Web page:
Son of Hercules displayed feats of strength at Draft Combine

D-backs select slugging infielder Kevin Sim in fifth round

July 10th, 2023

This story was originally published on June 22. We have updated it to reflect Kevin Sim being drafted No. 148 overall by the D-backs.

PHOENIX -- Kevin Sim is the son of Hercules, and he used his strength to impress all the scouts at the MLB Draft Combine.

Sim led the Combine field in hard hits (15), sweet spots (16), hard hit plus sweet spots (31) and had the most hits over 400 feet (four) during his hitting showcase from Day 1 of workouts. At the University of San Diego, he hit .295 with 25 home runs and 97 RBIs over the past two seasons.

Kevin’s father, Chong Soo Shim, hit 300 home runs in his 15-year career in the KBO. His strength earned him the nickname Hercules, which was given to him by a local reporter when he was just 20 years old.

His son now has the opportunity to carve his legacy in the United States, the same as his father did in South Korea.

“My dad has been there through everything – my youth career, high school to college,” said Kevin, who was selected by the D-backs in the fifth round of the 2023 Draft on Monday. “Being able to learn from him and pick his brain and work with him off the field and on the field. I'm super fortunate to have his skill set.”

In 2009, Shim moved his family to San Diego. His children, Jake, Kevin and Eric, have the Sim last name. During their relocation process to the United States, Shim said his father accidentally wrote out his children’s last name as Sim when he was filling out their passport application. It would’ve been difficult to make the name change, so they decided to keep Sim.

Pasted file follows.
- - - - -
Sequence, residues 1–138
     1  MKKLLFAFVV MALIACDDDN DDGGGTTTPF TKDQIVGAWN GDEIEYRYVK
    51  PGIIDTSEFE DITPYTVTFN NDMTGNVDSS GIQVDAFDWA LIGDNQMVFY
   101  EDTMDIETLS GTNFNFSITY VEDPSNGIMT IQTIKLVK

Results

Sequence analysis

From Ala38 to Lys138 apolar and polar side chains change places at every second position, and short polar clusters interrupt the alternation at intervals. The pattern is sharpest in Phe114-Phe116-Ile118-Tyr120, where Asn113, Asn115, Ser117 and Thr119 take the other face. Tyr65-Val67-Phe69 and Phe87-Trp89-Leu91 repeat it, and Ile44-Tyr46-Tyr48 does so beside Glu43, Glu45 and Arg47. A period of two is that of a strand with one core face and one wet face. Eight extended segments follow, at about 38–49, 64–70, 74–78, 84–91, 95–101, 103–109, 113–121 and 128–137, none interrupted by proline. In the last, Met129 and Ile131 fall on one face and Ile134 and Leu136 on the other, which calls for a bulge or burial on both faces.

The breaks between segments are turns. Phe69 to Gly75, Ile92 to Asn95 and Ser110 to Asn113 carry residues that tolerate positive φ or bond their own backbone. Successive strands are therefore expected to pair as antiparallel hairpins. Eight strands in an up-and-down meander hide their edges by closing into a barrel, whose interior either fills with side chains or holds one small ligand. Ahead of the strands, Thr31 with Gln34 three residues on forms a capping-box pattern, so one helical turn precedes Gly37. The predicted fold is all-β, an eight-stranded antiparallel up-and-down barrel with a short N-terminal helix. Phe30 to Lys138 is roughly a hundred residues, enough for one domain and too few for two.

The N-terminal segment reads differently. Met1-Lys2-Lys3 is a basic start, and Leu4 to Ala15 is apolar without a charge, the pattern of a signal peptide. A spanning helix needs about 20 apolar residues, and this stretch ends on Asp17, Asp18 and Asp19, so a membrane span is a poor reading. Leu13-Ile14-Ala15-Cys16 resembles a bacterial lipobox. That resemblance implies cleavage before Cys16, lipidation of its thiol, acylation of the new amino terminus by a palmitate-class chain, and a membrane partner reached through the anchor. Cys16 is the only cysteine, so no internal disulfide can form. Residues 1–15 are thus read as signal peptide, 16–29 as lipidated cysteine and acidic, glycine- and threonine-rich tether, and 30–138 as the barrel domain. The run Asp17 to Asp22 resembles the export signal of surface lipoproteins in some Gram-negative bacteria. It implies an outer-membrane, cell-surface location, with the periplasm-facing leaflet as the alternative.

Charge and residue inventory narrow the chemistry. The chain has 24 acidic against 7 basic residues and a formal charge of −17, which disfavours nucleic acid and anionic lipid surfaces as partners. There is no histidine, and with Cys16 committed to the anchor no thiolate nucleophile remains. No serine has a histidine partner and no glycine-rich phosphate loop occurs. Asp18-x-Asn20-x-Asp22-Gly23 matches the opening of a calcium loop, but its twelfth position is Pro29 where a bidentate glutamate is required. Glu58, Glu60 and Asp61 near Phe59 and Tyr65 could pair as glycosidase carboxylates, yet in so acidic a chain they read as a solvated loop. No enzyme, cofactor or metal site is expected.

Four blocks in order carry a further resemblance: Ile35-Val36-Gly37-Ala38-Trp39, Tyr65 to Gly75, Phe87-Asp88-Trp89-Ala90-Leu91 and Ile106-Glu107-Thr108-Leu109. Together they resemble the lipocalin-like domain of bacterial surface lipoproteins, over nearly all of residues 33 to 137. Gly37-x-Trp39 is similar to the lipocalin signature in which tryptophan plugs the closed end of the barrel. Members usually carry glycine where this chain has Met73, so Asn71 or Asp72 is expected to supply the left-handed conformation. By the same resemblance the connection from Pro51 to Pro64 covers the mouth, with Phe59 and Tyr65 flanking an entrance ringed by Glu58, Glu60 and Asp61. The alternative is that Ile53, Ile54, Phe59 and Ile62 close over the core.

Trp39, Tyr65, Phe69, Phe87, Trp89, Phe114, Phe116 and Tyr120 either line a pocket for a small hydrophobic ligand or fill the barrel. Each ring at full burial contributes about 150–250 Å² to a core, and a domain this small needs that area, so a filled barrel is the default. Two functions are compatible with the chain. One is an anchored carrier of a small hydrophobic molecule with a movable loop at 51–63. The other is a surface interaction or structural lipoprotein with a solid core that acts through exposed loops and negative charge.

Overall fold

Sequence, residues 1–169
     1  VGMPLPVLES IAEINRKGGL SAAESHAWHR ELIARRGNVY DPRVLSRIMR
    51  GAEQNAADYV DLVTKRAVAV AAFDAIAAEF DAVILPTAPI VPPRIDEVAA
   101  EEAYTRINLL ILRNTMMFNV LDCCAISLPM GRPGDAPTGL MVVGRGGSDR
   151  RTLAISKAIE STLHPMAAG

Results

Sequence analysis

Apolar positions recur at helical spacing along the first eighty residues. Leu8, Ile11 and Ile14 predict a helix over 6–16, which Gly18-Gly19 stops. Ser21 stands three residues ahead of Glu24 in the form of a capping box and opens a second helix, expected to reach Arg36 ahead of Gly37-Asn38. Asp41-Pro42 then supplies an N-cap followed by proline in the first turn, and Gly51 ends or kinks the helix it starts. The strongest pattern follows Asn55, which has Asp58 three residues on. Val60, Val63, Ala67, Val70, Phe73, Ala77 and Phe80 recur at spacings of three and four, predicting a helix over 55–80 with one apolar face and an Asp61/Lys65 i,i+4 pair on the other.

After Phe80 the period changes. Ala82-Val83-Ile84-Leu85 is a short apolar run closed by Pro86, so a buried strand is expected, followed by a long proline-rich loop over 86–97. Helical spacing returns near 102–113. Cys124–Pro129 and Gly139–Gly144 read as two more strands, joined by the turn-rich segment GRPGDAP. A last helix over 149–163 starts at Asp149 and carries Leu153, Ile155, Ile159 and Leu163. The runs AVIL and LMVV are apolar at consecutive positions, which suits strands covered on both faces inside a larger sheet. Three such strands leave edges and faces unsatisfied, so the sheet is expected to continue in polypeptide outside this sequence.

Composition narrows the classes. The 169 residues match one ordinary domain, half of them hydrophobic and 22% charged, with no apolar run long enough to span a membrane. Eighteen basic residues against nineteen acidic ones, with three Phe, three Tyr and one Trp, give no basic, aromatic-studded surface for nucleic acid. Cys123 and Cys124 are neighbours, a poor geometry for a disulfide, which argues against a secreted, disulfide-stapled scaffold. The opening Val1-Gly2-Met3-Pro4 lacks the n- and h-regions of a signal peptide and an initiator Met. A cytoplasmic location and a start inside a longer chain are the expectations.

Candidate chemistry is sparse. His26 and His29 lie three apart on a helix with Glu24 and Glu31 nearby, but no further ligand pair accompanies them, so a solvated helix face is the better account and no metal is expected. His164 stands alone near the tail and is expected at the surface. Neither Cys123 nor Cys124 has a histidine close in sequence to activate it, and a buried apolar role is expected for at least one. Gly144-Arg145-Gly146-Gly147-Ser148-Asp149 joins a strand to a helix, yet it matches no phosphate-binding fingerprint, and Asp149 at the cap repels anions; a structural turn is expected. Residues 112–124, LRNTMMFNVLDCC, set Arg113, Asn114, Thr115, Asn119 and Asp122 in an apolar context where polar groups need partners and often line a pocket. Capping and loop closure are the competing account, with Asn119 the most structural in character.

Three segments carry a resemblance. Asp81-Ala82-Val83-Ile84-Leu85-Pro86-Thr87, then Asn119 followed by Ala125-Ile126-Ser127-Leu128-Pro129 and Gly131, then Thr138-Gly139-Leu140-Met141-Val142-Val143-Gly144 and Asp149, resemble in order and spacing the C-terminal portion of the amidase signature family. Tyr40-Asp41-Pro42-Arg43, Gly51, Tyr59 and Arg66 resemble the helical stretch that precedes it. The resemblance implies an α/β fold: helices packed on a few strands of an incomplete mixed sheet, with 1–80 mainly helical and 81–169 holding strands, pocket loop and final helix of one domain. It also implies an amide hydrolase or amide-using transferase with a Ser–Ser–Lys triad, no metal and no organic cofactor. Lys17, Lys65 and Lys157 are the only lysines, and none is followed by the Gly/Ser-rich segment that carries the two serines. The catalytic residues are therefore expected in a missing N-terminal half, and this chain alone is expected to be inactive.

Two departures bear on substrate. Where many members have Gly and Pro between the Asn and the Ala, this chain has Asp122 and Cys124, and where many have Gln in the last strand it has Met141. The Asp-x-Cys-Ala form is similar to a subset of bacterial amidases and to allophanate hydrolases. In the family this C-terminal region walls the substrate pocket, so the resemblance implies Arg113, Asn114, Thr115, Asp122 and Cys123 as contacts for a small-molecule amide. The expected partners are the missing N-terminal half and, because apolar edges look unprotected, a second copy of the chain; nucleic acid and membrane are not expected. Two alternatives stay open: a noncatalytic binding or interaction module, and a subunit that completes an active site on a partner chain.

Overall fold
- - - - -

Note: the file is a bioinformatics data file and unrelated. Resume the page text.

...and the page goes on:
Shim wanted to make sure that his children were in the best position to make their baseball dreams come true, and also to take advantage of the educational opportunities that can come with playing the sport. He said that in South Korea, if you want to be a professional baseball player, you have to dedicate all your time to it. Basically, it’s a full-time job, even if you are just a teenager. He wanted to make sure his kids had the resources to succeed off the diamond as well.

“When we moved here from South Korea, [Kevin] went through middle school and high school, with good grades, even as a junior in college,” Shim said. “I like that kind of environment very much. As a person, he’ll learn more on and off the field. They'll help the developing as a baseball player as well.”

Kevin Sim with his dad at a Padres game (courtesy of Sim family)

When Shim started coaching Kevin, he hoped his son would replicate the style of play that made him a popular figure in the KBO. But as time went on, he decided he needed to let his son figure out his own style of play, though Kevin’s swing still shows flashes of his dad’s.

“My dad has always been a great hitter throughout his career,” Kevin said. “I worked with him non-stop hitting-wise. I think everything that I show on the field is all the work that you put behind the scenes together just to simplify my swing and be able to find something that works for me. There are definitely some basic philosophies that I take.”

Shim had dreams of playing in MLB as a kid. In the 1990s, he would wake up around 3 a.m. to tune into the one channel that broadcast MLB games. His favorite players to watch were Ken Griffey Jr., Mark McGwire and Barry Bonds. The closest Shim came to the Majors was a Spring Training stint with the Marlins, so in some form he is living that dream by seeing his son chase it now.

Kevin Sim batting at University of San Diego (courtesy of USD)

“It is really special because we were in a different situation back then [when they first arrived to the United States],” Shim said. “We were in the process, especially for my kids, of familiarizing ourselves with the cultural difference. Even now looking at him hit BP at Chase Field, through college and high school baseball … Every moment with him is like showing me an older picture.”

Kevin felt proud of his Korean heritage during the World Baseball Classic. There have been 26 South Koreans to reach the Majors. If he makes it there, it’ll be important to both him and his father to embrace his Korean roots and hopefully inspire not only the players back home, but all the Korean-Americans who want to break that barrier.

“It’s huge for a small baseball community,” Kevin said. “Just seeing all those guys playing in the KBO and some of the players competing at the highest stage in the World Baseball Classic, it's exciting to watch.”